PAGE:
“Mornin’.” His voice rumbled with a deep bass and southern drawl. From Louisiana, Samuel reminded Molly of an obese Louis Armstrong, whom Grandpa had been known to listen to now and again despite his habit of calling him that trumpet darkie. Samuel had studied parapsychology and spectrology back in the States before landing this job, an investigator on PI. Viewers loved him. A comforting anchor, Samuel was a contradiction to the frightening events portrayed. The network wanted real, edge-of-your-seat scares. Samuel wanted hard evidence.
“Morning,” she returned. “We need to talk.”
“Indeed we do,” he replied and paused the footage on the monitor. “Take a seat, Molly, m’dear.”
She joined him, sitting on another stool.
“You said my safety was guaranteed,” she said. “Last night … I don’t know. It felt …”
“Dangerous?” Samuel offered. “I was watching from the van. You’re a brave girl.”
“Then you saw what happened. The dolls?”
Samuel nodded. “The dolls were new, yeah. I don’ think you need to worry about the dolls too much. The dolls themselves aren’ possessed or anythin’. You can still keep them. I think the contents of the shelf, no matter what it be–jewelry, cards, books—would’ve been disturbed last night. Although … it’s been well documented that entities are particularly attracted to toys. Anyway, whatever you doin’, whatever this catalyst is, it be workin’. The presence is getting stronger.”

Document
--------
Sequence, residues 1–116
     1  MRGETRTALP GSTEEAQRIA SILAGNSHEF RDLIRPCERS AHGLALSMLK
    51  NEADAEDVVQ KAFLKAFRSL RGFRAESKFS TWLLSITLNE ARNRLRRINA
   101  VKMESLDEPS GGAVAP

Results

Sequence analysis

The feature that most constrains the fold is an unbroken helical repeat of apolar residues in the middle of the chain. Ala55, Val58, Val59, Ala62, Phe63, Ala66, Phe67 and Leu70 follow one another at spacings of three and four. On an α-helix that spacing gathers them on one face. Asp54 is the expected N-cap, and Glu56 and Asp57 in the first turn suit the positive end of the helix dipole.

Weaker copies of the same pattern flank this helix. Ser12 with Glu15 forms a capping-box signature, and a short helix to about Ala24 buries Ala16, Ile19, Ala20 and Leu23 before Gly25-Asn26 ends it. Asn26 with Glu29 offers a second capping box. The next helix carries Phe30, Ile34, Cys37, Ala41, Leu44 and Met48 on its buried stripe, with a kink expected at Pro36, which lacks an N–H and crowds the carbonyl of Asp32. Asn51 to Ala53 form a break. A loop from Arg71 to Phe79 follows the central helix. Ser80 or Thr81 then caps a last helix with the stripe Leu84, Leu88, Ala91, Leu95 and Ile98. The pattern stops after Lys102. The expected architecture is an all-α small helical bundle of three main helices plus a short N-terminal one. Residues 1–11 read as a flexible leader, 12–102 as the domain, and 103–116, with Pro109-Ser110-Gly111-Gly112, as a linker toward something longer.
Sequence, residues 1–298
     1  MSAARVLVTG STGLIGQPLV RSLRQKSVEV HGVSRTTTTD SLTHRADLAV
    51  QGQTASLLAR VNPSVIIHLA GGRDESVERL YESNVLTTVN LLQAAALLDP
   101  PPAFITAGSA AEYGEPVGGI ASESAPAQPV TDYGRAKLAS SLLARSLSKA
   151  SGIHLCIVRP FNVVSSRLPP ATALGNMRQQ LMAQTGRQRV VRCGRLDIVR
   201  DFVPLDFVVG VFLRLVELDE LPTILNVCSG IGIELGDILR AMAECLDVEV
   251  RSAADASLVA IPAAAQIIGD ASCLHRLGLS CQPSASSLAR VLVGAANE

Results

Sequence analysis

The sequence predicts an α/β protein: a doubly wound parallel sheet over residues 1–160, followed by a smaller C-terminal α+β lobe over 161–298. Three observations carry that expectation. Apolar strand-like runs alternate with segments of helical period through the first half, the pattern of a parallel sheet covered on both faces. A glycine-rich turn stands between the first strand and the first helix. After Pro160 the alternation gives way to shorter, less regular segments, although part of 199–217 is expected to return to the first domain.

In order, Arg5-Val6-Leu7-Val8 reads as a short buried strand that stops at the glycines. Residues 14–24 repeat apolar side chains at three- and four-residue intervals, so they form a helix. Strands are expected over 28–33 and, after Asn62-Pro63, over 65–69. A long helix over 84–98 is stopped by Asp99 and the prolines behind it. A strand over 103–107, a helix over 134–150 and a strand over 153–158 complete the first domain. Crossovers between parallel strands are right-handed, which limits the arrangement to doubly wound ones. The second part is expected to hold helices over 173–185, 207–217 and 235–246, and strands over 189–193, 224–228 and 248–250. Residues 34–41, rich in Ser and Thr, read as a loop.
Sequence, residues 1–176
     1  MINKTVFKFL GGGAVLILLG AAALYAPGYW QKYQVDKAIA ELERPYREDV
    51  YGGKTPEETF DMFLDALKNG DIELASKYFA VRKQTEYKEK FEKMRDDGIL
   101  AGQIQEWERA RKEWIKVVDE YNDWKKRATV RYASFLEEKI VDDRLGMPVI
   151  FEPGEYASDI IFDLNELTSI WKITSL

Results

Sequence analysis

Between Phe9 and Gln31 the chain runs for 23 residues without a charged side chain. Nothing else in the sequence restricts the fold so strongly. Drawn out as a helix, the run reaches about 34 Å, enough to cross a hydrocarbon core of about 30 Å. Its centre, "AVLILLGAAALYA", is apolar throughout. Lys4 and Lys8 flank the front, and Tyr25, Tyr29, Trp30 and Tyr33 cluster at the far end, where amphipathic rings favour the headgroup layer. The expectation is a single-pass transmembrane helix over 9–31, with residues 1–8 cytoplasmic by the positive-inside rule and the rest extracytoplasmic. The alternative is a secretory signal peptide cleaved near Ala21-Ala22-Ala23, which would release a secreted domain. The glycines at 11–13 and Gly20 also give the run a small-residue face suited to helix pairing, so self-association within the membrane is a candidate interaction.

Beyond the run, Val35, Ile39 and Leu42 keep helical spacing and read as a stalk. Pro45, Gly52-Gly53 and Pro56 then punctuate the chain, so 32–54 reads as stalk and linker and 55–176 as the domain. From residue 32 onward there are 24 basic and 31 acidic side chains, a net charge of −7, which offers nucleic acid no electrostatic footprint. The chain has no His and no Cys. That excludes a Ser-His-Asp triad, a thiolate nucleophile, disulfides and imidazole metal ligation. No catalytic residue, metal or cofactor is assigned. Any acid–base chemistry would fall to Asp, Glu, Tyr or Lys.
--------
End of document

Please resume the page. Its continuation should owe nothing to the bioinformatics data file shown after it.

Molly’s insides squirmed. “Just what I wanted to hear. Why didn’t you come inside?”
Samuel waved away the question and, with some difficulty, slid around on his stool to face the monitors once more.
“I’ve told you before. Heisenberg. Whatever is happenin’ to you, I want to study it as it naturally occurs. Our presence in this house may already be havin’ an effect, which is somethin’ I wanna avoid. The more you study somethin’, the more likely you are to interfere with results.”
“That doesn’t really make me feel better,” said Molly. “It’s kinda hard to think about spoiling the results when it’s the dead of night, I’m having dolls move, and something opened my door.”